Regardless of the business, the greatest tech threat will always be its staff. Often this isn’t intentional, but collateral. It’s not that the elective art teacher for elementary schoolers at your primary local educational facility is leaving bread crumbs for hackers intentionally. It’s that she understands paints, arts, and crafts; and doesn’t realize you have to change your network password with notable frequency to avoid being an “open door” for hackers. She doesn’t understand that certain online “art” sites are a front for deep web hackers. Accordingly, she represents a wide-open “avenue” for digital criminals.

You need to have a training refresher course every year at minimum; doing so quarterly is better. Educate teachers, managers, secretaries, principles, and even custodial staff if they’re plugged into your district’s email exchange server. Outsourcing to tech companies can help determine where employees could compromise operations, and what they need to know as regards access management and web use to avoid compromising network security.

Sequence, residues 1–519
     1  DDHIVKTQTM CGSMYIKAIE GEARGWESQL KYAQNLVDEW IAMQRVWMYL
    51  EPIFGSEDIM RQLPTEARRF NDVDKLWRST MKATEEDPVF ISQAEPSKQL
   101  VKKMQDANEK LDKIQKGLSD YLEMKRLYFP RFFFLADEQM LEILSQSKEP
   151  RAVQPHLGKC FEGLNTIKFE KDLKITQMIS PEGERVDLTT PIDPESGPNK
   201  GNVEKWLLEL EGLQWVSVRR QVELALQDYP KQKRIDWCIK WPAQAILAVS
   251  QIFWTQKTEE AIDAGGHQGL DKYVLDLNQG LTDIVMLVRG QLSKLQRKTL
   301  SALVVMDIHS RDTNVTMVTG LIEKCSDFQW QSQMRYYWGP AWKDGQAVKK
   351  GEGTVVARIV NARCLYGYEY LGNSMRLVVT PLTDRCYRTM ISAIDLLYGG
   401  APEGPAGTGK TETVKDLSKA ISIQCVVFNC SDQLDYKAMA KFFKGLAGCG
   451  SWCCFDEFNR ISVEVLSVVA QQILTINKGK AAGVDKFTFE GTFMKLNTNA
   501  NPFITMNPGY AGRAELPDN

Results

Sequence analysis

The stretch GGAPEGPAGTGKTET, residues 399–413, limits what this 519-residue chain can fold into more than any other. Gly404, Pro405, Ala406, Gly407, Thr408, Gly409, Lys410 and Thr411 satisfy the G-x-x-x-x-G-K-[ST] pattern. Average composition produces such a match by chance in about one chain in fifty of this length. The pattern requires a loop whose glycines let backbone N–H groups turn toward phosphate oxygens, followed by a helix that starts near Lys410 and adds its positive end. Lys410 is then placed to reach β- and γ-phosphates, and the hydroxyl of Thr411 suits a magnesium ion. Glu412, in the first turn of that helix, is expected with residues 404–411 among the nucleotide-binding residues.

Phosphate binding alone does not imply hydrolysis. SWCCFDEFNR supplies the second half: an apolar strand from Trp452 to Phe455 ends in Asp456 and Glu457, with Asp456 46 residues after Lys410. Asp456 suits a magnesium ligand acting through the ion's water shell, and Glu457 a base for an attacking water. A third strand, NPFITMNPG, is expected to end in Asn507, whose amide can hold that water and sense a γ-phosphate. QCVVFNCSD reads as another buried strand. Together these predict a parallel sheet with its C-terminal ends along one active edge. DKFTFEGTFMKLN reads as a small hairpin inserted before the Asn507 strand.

Student Threats

Schools compromise network security deliberately and accidentally. You want firewalls, you want to put systems information under digital lock and key via password access protection, and you want monitoring solutions. You can’t be “static” with any of these things, because hackers learn how to get past previous protections, and students do as well. Your security has to be alive, and updated as necessary. ESchoolNews.com points out how you can secure web restrictions so students can do the least damage while still being able to learn. They provide a list of things to look for in a security vendor for your school, we’ll cover them now.